2. Plays the Gender Card
Believe it or not, one of the most irritating exchanges that takes place is when a shooter's gender becomes a determining factor in the gun shopping process. If every man had the same exact hand size and every single woman had the exact same hand size, this rationale for which gun to buy based on size may make sense. Thankfully, we are all uniquely and wonderfully made. No one gun fits a specific gender. If you disagree, take a look at Gabby Franco, Jessie Harrison, Lena Miculeck, Bailey Gallagher, Mia Faranelli or any other of the scores of pro-level female shooters who handle the same guns and gear as men do, and often finish in the top rankings! DO NOT let someone tell you that a woman needs a particular gun just because she's a woman. That's bad advice. Run from it.
Quick side note: Men, quit saying you only need something cheap because it's for your wife and she'll probably never use it. That's more insulting to her than you know, and it makes you look silly.
3. Offers You a Revolver Because You're a New Shooter
This is not to say revolvers do not fill a need. Or that a revolver is not the right gun for you. Revolvers are made for up-close and deadly encounters. They pack a powerful punch and will deliver when called upon. However, they may not be the best idea for a new shooter. And that's the entire point. Buying a gun is a personal decision. Maybe a revolver is the right choice for you. That's great! But it's not the right choice for you because you're a new shooter, it's the right choice for you because the design suits the specific need you have. Right above the "Gender Card" on the list of annoying things in gun stores is the notion that a revolver is the best option for a new shooter. This poor advice is usually based on one of two misconceptions: new shooters don't know how to load a gun and revolvers are easy to shoot. No and no. It's not quantum physics to learn to load a magazine, insert it and rack the slide, but there are some people working gun counters today who would have you believe the average person has no idea how to do it. Also, revolvers are a pain to shoot. They kick hard and high and they tend to be super loud. You know, everything that would poorly impact the senses of a new shooter. Put a revolver in a new shooter's hands and see how quick that shooter is to want to come try again. Do the same thing with an FN 509, Glock 17, Springfield XDM etc. and measure the difference. Full size firearms are more pleasurable to shoot, easier to use and have a larger capacity which means less work for the shooter during the practice sessions. And by the way, it will take half the strength to pull the trigger on any of the aforementioned guns than on a revolver.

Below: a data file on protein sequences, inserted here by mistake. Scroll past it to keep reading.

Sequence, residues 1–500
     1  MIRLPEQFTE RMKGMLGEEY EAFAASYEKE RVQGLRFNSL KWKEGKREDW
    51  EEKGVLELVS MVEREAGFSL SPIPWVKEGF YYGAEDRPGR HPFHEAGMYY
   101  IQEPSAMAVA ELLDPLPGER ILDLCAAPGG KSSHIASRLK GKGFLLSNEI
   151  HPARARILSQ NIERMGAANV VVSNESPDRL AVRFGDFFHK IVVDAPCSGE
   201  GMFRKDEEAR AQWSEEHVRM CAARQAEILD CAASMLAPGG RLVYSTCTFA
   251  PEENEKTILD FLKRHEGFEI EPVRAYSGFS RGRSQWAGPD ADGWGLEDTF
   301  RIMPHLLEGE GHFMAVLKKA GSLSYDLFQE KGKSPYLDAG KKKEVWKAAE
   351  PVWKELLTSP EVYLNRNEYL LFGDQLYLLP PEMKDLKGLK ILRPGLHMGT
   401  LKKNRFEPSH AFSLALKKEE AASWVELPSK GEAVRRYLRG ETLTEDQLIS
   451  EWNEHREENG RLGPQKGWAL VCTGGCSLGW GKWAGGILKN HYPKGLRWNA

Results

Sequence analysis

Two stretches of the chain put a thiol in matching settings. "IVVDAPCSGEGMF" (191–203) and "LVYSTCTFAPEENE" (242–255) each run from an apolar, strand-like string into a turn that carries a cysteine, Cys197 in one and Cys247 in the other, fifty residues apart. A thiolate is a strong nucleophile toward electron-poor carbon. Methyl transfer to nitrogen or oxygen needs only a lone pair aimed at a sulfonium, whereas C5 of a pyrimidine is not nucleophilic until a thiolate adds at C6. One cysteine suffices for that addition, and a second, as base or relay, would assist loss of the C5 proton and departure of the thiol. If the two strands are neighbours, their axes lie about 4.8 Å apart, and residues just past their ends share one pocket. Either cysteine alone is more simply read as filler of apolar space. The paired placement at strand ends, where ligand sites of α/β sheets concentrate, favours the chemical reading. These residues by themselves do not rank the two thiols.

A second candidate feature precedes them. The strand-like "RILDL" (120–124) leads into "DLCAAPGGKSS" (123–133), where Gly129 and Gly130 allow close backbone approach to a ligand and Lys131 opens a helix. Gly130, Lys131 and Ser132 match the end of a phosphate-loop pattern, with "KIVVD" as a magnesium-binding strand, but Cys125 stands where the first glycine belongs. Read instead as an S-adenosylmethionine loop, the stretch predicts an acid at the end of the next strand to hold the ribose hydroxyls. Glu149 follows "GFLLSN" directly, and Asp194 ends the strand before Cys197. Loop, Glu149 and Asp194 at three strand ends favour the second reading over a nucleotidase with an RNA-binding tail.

Any other advice to add for how to spot a bad gun store? Let us know in the comments below.
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About Kris Vermillion
Kris Vermillion is a lifelong shooter who focuses his training on defensive shooting techniques and the shooter's mindset. Kris works for Palmetto State Armory, contributing to both Ecommerce and Marketing.